North American Women’s Letters and Diaries: Colonial Times to 1950
Created and maintained by Stephen Rhind-Tutt.
Reviewed Dec. 29–31, 2005.
North American Women’s Letters and Diaries: Colonial Times to 1950 (nawld) is a rich database consisting of 150,000 pages culled from the letters and diaries of 1,325 North American women. The collection was conceived of by Stephen Rhind-Tutt of the Alexander Street Press and produced by the press in collaboration with the University of Chicago. Rhind-Tutt explains in his introduction that the inspiration to construct an electronic archive of women’s writings came to him while he was reading microfilmed manuscripts at the Library of Congress. Easier reading was Rhind-Tutt’s starting point, but it was not all he had in mind. He wanted to set manuscripts in type, but he also wanted to build an archive of letters and diaries whose immediacy and drama fascinated him, even if they had been previously published. “Unlike memoirs,” he thought, letters and diaries “present the raw moment without the distortions of hindsight.” Letters and diaries have their own distortions, of course, but nawld is so easy to use that it should give every visitor ample time to find references and to assess a writer’s interests and interpretative strategies.
Detail from a ten year old’s diary of her journey on the Lusitania in 1910.
With limits set only by gender, geography, and its three-century chronology, nawld gathers up a wide range of writings; letters and diary entries from well-known abolitionists, activists, and writers are mixed with the ideas and experiences of anonymous women. You can read selections straight through, but the site’s useful search engine invites you to scramble the data in interesting ways. You can mix and match authors by race, religion, marital status, occupation, and place of birth. You can find accounts of the Boston Tea Party or the Boxer Rebellion. You can ignore history’s big events and retrieve documents sorted by “personal events”—"courtship,“ "loss of income,” or “physical illness of the author,” a phrase whose 1,621 matches best all others.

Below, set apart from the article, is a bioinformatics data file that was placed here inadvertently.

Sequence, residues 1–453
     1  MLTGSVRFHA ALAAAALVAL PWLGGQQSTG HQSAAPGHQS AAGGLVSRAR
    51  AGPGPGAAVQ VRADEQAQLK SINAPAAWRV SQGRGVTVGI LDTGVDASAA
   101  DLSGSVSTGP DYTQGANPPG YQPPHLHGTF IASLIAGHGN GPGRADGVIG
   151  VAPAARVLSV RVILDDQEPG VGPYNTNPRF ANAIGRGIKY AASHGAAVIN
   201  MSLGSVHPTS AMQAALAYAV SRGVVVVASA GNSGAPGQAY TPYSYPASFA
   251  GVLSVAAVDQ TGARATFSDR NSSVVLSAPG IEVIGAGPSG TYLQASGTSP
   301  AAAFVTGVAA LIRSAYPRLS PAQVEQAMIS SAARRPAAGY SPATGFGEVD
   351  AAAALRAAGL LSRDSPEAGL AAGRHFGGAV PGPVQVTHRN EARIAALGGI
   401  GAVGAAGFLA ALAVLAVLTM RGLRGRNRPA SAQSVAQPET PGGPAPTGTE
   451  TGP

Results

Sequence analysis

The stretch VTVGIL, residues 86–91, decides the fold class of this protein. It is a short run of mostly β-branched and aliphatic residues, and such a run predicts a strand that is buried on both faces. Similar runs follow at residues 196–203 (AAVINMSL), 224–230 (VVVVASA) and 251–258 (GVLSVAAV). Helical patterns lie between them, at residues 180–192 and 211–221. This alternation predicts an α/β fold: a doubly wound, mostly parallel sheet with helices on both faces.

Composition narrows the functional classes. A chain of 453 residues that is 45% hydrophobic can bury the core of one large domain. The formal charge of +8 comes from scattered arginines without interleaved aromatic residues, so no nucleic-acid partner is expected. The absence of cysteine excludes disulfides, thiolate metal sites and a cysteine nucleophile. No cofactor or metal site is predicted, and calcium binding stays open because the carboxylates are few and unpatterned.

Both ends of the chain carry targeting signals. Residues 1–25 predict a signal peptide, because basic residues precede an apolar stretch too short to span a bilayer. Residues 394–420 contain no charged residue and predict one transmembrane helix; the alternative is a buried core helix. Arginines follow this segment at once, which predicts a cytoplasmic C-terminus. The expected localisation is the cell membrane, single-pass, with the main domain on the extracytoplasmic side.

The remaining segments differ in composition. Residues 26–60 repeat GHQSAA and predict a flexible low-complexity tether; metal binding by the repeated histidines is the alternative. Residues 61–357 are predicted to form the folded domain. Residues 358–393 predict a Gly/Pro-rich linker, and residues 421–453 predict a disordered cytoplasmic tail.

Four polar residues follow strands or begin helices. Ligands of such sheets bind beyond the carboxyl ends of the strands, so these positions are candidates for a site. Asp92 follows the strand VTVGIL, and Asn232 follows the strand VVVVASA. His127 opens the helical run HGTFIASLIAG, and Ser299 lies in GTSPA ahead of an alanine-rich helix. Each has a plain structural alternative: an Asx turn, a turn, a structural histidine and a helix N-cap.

The full text search allows all sorts of possibilities. Type in the word “graveyard,” for example, and the site comes up with 200 matches, a letter from Emily Dickinson simply one among the 200. While the scholar of the poet may read what Dickinson had to say, others may choose to sort comments on graveyards by “frequency by year.” Here we learn that three years—1862 (23), 1944 (15), and 1865 (12)—account for a quarter of the 200 citations. I am not sure how I would bring that fact back to my students, but I might begin by reminding my sometimes date-challenged freshmen that these citations mark years with high death tolls when women might have looked on graves more often than usual. Even on more cheerful subjects, the search functions of nawld make it well suited to classroom assignments. The compilers have included images of original documents and brief biographical sketches of a number of authors. Students impatient with slow work in the archives may take real pleasure in the sense of discovery the site allows. If I had students enough and time, I might ask a class to use this Web site to explore what all the letters and diaries reveal about how being a woman shapes perception, experience, and expression.
New Brunswick, New Jersey